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Travel Guide

Between vintage and modern

Lisbon has never been more fashionable than now. That image of an ancient city is long gone. For some years now, the Portuguese capital has shown a new face, authentic and modern. In the wake of these changes, there were new museums, restaurants, hotels, shops, fairs… all without losing that traditional Portuguese style.

It was a matter of time before Lisbon managed to win back the hearts of tourists. Today, the capital is among the favourite destinations of travellers from all over the world. It is no wonder: with so many attractions and leisure options, it is a full plate for any type of itinerary. In this guide, you will find tips on what to do, where to eat, the best regions to stay in Lisbon and much more.

Planning Lisbon

Pin Map - Lisbon Travel Guide



Capital of Portugal.
Language: Portuguese.
Distances: Porto (313km), Coimbra (204km), Faro (278km).
Lisbon comes from the expression “Alis Ubbo”, which in Phoenician means “safe harbour”.
Curiosity: It is known as the “city of seven hills” and the residents are called “alfacinhas”.


How to get there

Humberto Delgado International Airport (LIS) receives daily flights from several world capitals. It is only 6 km from the centre of Lisbon. To get out of there and go to the central region, you can take a transfer, bus, subway or taxi / transport by application. You can also arrive in other cities in Portugal and travel to Lisbon by train or bus.


In the city

For those with a lot of energy, Lisbon is a city that can easily be explored on foot and by public transport. If that is your case, it is worth buying the Lisboa Card which gives access to circulate by bus, train, subway and elevators – and still get entrances to museums and train trips to Sintra and Cascais. Cable cars (electric) and tuk-tuks are also an option. For those going by car, parking is easy (and cheap).


When to go

The climate in Lisbon is pleasant all year round. From December to February, it’s a bit cold. The thermometer is not negative, but you may get a little rain. The heat comes between June and September, along with the (many) tourist groups that invade the city. It is the most expensive time there. October, November, March, April and May are milder and have more friendly prices.

Where to stay

Best Neighbourhoods

Where to stay in Lisbon - Best neighbourhood map Lisbon Travel Guide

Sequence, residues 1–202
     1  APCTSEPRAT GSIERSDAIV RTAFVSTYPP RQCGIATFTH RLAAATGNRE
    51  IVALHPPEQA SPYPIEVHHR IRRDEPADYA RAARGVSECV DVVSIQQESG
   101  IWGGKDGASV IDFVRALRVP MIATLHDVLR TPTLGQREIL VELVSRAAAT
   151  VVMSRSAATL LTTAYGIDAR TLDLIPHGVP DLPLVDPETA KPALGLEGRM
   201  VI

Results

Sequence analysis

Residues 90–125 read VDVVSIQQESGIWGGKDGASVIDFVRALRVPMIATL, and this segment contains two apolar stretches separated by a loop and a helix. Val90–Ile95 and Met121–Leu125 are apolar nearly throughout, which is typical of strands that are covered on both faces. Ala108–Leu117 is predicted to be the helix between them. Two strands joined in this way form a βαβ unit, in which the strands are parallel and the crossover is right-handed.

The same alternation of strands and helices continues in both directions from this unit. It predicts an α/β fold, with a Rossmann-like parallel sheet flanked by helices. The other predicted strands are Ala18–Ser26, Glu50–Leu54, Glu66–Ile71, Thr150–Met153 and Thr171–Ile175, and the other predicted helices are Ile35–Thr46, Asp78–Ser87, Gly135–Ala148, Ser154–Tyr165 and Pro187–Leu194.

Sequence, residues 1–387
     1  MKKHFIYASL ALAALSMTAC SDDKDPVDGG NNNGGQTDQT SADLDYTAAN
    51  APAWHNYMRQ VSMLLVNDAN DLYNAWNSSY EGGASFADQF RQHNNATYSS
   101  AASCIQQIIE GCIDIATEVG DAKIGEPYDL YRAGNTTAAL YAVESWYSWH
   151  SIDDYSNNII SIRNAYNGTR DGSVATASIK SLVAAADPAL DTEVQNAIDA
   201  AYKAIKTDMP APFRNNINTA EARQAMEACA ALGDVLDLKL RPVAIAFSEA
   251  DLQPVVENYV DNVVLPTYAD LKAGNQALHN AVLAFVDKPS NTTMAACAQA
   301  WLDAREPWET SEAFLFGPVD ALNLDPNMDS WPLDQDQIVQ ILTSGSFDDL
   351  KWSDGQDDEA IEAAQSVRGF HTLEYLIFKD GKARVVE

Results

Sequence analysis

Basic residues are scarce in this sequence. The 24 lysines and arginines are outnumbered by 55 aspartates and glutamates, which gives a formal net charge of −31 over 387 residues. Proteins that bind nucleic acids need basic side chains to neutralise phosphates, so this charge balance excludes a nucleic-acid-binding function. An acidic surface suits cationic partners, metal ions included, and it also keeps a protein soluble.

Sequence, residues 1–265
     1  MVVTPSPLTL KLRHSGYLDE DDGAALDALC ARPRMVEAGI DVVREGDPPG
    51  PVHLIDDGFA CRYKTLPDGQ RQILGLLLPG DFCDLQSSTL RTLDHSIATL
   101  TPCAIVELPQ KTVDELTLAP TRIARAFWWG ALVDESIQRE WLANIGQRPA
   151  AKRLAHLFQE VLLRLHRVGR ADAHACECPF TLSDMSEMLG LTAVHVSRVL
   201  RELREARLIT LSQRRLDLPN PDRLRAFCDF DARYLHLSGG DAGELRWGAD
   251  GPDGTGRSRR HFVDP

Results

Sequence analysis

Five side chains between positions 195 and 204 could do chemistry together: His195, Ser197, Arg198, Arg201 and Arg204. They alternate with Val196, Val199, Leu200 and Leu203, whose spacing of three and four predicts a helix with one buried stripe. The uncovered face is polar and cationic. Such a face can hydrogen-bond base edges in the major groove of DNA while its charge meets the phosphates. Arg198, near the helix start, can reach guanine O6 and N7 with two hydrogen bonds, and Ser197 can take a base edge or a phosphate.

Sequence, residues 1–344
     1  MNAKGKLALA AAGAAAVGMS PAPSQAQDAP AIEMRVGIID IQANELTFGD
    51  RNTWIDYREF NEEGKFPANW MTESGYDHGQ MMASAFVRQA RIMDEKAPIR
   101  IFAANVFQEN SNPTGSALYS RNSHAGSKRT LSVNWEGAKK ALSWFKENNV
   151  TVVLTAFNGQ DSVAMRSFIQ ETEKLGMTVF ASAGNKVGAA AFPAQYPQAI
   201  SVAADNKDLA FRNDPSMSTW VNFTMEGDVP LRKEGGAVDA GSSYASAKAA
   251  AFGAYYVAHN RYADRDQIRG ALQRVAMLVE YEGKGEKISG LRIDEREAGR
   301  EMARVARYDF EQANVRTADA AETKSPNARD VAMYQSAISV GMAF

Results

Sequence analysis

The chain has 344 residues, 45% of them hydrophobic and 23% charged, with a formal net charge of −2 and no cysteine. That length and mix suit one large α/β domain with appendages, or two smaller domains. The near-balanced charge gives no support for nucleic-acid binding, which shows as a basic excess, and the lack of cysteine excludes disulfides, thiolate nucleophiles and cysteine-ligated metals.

Well Located: Baixa

It owns the largest concentration of hotels per square meter in Lisbon. For this reason, it has options for all tastes (and all budgets). Even though it is right in the tourist buzz, you find reasonable prices and good value for money. It has easy access to the river, restaurants of all kinds and the subway.

A bit of everything: Chiado

The region is well served by restaurants, shops and sights. No wonder, it is considered one of the best places to stay. From there, you can easily explore the entire central region on foot – not to mention that it is on the side with the best public transport offer in the city. Despite the flow of tourists, you can get a taste of what a typical Lisbon neighbourhood is.

Trendy and Cool: Príncipe Real

It is the “fashion district” in Lisbon. For some time now, it has gained several of the most popular addresses in the city. You can find good hotels and several properties and rooms for rent. Staying in this region, you’ll have trendy shops and interesting restaurants within walking distance. The negative point is that it is in an area of slopes where the ups and downs are inevitable. It’s for those who aren’t lazy to walk and want to explore a less tourist side of the town.

To go back in time: Alfama

Although it has lost some of its charms in recent years, Alfama remains one of the best places to discover the more traditional side of Lisbon. There are alleys full of tiles, houses of fado, balconies with clotheslines… The hotels, despite being in old buildings, have a modern look. The good thing is that almost everything is just minutes from the central region.


In Frames

Colourful houses in Lisbon
© Hugo Sousa via Unsplash
25 Abril Bridge - one of the most famous scenes from Lisbon
© João Reguengos via Unsplash

Lisbon has the feel of a big city, but without leaving aside the charm of the countryside. When walking through the streets, you can find a modern and award-winning restaurant and then right after, find a small tavern that only the locals know. Be sure to notice the cable cars, the stone sidewalks, the neighbourhood groceries …

Trams - Cable Cars typical from Lisbon
© Julian Dik via Unsplash

Eat and Drink in Lisbon

The gastronomic scene in Lisbon has recently been revamped. The taverns, local markets and patisseries are still there – of course – but now they share space with a bunch of brand new restaurants with signatures dishes and bold proposals.

In these modern places, you see that Lisbon cuisine goes far beyond the triad cod, sardines and pastel de nata. Expect to find recipes from all over the world, very well executed by young (and award-winning) chefs. In markets such as Time Out Market and Campo de Ourique, you can get a broader view of what is going on in the city’s gastronomic scene. But, if you want to understand the essence of Portuguese cuisine, there is no other way: you’ll need to surrender to the delicious and friendly traditional taverns.


5 must try food & beverages

Bacalhau à Bras is a typical Cod Fish Dish from Lisbon

Bacalhau à Brás

The original recipe includes cod, potatoes and egg. Only, instead of being served in slices, the Cod comes shredded, mixed with the other ingredients.
Where to prove it? At Casa do Bacalhau, Laurentina or Taberna Sal Grosso.

Lisbon Grilled Sardines on a toast

Grilled Sardines

The name says it all: one of Lisbon’s specialities is grilled sardines. Expect good sauces to accompany. If you want to find more fleshy fish, go in the summer.
Where to prove it? At Pateo 13, in the Último Porto and in Carvoeiro.

Typical Clams Dish from Lisbon- Amêijoas à Bulhão Pato

Amêijoas à Bulhão Pato